Preparing your hike

With more than 8,000 kilometres of marked hiking trails, the Valais is an infinite playground for hiking enthusiasts. Whether hikes to summits, through larch forests, along various bisses (irrigation channels) or among vineyards, there is something for everyone. To ensure you make the most your day in complete safety, you must be well prepared and observe certain rules. Remember to take all essential items of equipment with you, in order to deal with the unexpected. All that remains is for you to enjoy your adventure to the full.


Here are the rules of good conduct to ensure harmonious cohabitation between the various users of the paths, mountain pastures and tracks.

  1. Show respect

  2. Stay on the trails

  3. Respect the environment

  4. Leave nothing behind you

  5. Accept your limits


  • Plan your trip ahead of time and take into account the level of difficulty of the route, its distinctive features and your physical condition.
  • Check the weather forecast and estimate how long it will take you to reach your destination.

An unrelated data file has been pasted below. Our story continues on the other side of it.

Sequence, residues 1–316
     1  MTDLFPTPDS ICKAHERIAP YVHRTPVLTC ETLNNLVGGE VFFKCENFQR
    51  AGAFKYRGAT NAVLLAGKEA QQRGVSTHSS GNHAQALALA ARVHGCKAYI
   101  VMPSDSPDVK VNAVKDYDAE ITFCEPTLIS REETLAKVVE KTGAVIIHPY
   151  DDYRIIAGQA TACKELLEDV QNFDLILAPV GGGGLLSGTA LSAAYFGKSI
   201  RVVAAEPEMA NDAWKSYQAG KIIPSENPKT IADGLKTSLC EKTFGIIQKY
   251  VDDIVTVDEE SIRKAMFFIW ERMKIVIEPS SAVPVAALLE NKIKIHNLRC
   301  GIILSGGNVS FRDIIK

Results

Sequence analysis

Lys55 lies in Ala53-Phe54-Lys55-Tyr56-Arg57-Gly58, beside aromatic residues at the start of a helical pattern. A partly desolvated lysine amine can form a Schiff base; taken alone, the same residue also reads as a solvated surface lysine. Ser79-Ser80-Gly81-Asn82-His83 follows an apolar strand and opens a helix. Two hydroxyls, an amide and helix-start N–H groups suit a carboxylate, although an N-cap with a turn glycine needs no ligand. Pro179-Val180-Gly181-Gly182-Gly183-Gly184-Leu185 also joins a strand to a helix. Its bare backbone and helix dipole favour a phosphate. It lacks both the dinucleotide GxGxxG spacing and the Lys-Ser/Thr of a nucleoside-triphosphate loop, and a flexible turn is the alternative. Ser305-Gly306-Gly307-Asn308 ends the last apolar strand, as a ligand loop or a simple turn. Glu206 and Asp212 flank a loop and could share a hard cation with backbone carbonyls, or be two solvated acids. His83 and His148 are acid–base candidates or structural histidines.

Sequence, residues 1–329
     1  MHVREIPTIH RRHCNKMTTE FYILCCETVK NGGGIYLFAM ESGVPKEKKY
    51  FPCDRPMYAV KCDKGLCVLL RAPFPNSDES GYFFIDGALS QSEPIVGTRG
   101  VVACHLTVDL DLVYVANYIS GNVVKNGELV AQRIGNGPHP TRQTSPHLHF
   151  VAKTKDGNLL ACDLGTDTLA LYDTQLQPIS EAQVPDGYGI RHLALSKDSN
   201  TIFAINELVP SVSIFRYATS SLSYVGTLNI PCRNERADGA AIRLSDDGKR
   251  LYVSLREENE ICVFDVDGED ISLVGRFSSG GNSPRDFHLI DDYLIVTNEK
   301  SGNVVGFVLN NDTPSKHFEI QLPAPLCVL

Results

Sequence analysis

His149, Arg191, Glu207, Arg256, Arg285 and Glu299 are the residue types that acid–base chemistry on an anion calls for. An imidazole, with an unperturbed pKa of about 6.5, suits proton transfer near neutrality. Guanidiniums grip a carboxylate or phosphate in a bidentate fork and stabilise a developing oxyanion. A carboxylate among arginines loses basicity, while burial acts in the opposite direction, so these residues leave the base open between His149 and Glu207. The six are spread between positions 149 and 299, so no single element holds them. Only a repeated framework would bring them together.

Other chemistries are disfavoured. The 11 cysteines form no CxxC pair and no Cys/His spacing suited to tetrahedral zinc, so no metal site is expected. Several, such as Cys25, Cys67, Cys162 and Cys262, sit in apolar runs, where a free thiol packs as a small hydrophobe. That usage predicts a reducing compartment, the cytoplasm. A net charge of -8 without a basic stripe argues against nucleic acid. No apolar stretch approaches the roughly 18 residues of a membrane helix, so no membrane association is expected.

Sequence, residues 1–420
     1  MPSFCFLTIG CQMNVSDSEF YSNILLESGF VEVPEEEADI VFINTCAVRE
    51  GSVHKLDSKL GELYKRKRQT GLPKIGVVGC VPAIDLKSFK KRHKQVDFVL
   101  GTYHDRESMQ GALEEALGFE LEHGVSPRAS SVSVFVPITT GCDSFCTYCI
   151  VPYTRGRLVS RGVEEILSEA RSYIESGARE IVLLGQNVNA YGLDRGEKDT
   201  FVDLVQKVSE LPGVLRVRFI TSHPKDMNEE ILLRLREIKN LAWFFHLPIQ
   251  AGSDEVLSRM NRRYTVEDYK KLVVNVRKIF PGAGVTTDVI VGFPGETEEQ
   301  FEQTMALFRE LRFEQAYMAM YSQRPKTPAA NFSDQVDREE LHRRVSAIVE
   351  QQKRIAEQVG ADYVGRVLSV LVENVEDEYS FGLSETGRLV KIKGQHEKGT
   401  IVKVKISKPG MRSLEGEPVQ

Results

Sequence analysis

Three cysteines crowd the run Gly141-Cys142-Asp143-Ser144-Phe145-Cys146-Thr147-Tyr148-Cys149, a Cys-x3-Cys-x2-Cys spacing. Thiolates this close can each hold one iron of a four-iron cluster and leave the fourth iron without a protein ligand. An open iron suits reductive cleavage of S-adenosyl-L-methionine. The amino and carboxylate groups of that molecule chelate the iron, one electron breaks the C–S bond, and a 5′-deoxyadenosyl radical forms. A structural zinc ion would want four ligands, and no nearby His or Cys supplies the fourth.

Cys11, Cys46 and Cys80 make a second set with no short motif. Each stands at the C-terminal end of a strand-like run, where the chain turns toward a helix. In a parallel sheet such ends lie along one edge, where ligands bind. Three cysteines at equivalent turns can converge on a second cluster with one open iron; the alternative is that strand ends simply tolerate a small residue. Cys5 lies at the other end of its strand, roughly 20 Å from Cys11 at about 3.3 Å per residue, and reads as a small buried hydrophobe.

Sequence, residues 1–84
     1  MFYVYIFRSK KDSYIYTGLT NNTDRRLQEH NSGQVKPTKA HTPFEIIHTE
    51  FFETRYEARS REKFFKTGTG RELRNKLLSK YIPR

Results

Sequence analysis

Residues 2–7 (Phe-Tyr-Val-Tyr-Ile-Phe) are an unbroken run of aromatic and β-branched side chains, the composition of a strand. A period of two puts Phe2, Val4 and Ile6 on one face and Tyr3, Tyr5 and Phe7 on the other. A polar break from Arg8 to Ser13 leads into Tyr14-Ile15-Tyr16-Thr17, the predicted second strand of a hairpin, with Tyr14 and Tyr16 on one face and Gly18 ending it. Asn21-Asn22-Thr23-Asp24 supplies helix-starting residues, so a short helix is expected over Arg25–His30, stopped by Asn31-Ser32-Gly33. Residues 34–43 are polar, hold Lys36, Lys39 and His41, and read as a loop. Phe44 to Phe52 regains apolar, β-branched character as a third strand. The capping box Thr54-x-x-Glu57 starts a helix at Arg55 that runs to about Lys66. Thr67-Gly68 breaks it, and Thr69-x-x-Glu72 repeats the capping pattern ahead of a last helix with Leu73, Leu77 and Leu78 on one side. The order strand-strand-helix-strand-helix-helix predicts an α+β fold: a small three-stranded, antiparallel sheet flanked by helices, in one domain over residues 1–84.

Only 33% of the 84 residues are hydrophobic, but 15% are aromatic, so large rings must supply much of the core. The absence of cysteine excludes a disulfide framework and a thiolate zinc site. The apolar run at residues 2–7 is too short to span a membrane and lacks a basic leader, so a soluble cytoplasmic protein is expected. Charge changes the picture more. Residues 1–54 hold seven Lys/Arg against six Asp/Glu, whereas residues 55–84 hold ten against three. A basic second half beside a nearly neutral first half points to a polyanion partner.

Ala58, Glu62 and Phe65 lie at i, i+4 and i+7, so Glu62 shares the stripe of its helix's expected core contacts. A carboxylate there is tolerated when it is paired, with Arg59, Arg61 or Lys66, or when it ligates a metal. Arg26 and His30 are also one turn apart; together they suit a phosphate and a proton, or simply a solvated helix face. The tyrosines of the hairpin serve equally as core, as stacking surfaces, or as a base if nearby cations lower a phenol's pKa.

• Find out about the conditions prevailing on the route, especially if you suffer from vertigo.
  • Make sure the route does not go through any residual snow fields.
  • Avoid hiking alone and tell your family and friends that you are going on a trip.
  • Are you well equipped? Have you packed everything you need?
  • Hydrate regularly.
  • Protect yourself from the sun even on cloudy days.
  • Take a break whenever you feel tired.
  • Along the way, check that you are on schedule so that you keep track of time.

Protecting local fauna

From red deer, chamois and marmots to Herens cows and Valais Blacknose sheep: Valais is home to an exceptional wealth of animals. It is important to be careful not to disturb these essential actors on the Valais stage so that they can flourish peacefully in nature. Here are a few tips to reduce any deleterious effects of human activity on wild fauna and other creatures.

  1. Always behave in a manner respectful of local fauna and flora.
  2. Keep to official marked trails and paths, waymarked “white-red-white” and always close gates after passing through.
  3. Always take your litter home with you, as animals could try to eat it.
  4. Keep your dog on a lead and don’t forget to clean up after it.
  5. If you come across animals, do not feed them.
  6. If you spot young wild animals, do not touch them: just observe them.
  7. If you chance on a lost or wounded animal, inform the gamekeeper immediately.